About 6:10 PM, Thursday, East Zone Fire Management Officer Patti Johnson of the US Forest Service released the following official information about the Knife Lake Fire.
"We swept the area this morning and found only a handful of groups in there. We sent out six people today to sweep the area and ensure people move out of the area, and to post the area closed. They will stay in there and be monitoring to ensure no one goes into the area," Johnson said.
"The last flight today showed little growth this afternoon. The fire is approximately 500 acres. The fire has moved into a fire from 2005 to the east and is creeping around in there. The fire was backing to the north towards Emerald Lake which is where it was most active today," said Johnson. "The Canadians did put a three-person crew out there today to secure the peninsula area between Knife and Little Knife Lake so it won’t move across there. They have very few resources to do full suppression on this fire at this time. They are very busy up there with fires that are threatening communities."
A series of small wildfires are currently burning in or adjacent to northern parts of the Boundary Waters Canoe Area Wilderness. In light of this fire activity and projected weather, the US Forest Service is closing some lakes and surrounding areas to protect public safety.
In light of continued dry and windy conditions, the USFS has implemented campfire restrictions in the BWCAW until further notice. Campfires are allowed only between 7 PM and Midnight n the BWCAW. Everyone is asked to be very careful with campfires, matches, smoking materials and all flames.
The USFS reports the following lakes, campsites, and portages within the Boundary Waters Canoe Area Wilderness are closed until further notice:
Related to Hoist Lake Fire
Four Mile Portage, Ella Hall, Mud Lakes, Slumber, and Muskeg Lakes and campsites; the waters and campsites of Hoist and Back Bays of Basswood Lake, the portages from from Pipestone to Back Bay, Back Bay toward Half Dog Island (a.k.a. Frog Portage), and from Hoist Bay to Good Lake.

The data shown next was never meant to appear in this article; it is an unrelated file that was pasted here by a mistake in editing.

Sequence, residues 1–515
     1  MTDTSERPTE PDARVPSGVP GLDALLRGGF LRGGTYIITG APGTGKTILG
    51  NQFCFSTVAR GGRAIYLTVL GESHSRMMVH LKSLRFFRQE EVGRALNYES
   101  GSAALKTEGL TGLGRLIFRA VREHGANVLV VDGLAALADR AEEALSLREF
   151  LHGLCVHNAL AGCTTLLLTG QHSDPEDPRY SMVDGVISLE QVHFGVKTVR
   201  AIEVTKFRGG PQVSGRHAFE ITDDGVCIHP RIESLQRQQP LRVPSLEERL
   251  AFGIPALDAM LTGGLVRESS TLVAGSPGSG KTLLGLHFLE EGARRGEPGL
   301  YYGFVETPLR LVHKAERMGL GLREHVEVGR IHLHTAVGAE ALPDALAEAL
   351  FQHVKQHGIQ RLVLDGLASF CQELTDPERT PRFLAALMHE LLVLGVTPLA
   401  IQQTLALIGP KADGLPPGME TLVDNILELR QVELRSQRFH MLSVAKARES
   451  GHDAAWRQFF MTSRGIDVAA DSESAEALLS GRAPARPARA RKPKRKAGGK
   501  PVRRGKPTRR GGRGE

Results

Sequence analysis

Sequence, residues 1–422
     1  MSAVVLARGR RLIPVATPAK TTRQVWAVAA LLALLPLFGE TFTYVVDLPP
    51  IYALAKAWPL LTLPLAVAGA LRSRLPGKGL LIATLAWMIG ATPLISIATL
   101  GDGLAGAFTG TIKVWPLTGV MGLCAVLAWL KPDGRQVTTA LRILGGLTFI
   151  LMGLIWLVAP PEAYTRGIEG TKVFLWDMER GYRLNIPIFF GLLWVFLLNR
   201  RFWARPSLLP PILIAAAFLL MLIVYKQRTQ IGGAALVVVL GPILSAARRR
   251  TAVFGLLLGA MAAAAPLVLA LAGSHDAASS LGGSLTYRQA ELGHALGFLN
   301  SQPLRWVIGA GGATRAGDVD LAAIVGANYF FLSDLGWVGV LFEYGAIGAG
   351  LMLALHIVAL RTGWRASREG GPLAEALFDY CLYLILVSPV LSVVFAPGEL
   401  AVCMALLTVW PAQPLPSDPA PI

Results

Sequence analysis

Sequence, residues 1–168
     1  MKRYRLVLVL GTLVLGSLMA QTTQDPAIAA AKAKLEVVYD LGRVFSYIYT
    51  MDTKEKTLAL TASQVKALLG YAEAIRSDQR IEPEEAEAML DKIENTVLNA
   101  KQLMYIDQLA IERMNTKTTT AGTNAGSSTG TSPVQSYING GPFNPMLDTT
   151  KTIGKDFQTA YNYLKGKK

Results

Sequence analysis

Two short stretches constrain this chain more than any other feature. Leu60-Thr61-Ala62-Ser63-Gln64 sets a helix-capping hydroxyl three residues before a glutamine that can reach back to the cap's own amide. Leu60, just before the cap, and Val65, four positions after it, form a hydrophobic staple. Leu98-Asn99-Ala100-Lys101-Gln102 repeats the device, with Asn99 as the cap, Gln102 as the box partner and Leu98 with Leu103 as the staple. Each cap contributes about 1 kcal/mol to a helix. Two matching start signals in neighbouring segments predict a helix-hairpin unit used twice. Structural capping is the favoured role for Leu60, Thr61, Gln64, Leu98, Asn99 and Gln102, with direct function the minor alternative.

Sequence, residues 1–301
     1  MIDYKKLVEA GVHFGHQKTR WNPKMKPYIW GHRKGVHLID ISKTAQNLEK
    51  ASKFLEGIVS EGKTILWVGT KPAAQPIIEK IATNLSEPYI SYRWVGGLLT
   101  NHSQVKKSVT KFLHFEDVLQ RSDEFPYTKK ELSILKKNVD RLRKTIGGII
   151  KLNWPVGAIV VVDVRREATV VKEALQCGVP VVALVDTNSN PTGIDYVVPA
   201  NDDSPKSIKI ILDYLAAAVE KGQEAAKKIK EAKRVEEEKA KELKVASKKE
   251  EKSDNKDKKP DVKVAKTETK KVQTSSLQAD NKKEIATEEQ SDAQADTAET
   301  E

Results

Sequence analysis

Related to Parley Lake Fire
Sunday and Saturday Bay Campsites in Crooked Lake; Zones 5, 1, and 2 of the Sundial Primitive Management Area—all the lakes and waterways within that area including: the Beartrap River from Beartrap Lake north to Iron Lake, Parley, Sunday, Sundial, Bunggee, Sinneeg, and Ritual Lakes ; Travel will be allowed through the bays of Crooked Lake but camping will not be allowed on Sunday and Saturday Bays; Travel will NOT be allowed on the Beartrap River.
Related to Emerald Lake Fire (fire is on Canadian side of border)
The Gunflint Trail is not a safe road, according to County Engineer David Betts, but making is safer is looking impossible.
County State Aid Highway 12 has narrow lanes, a lack of shoulders, trees impeding visibility, a long season of ice and snow, and lots of people driving fast around blind corners. Part of the process of developing a better design for the road and getting some funding from the federal government, however, required a review by the Minnesota Department of Transportation Cultural Resources Unit. That review found that the Gunflint Trail is “culturally significant” in its current form, and that precludes it from being changed. In addition, the review recommended that speed limits be lowered.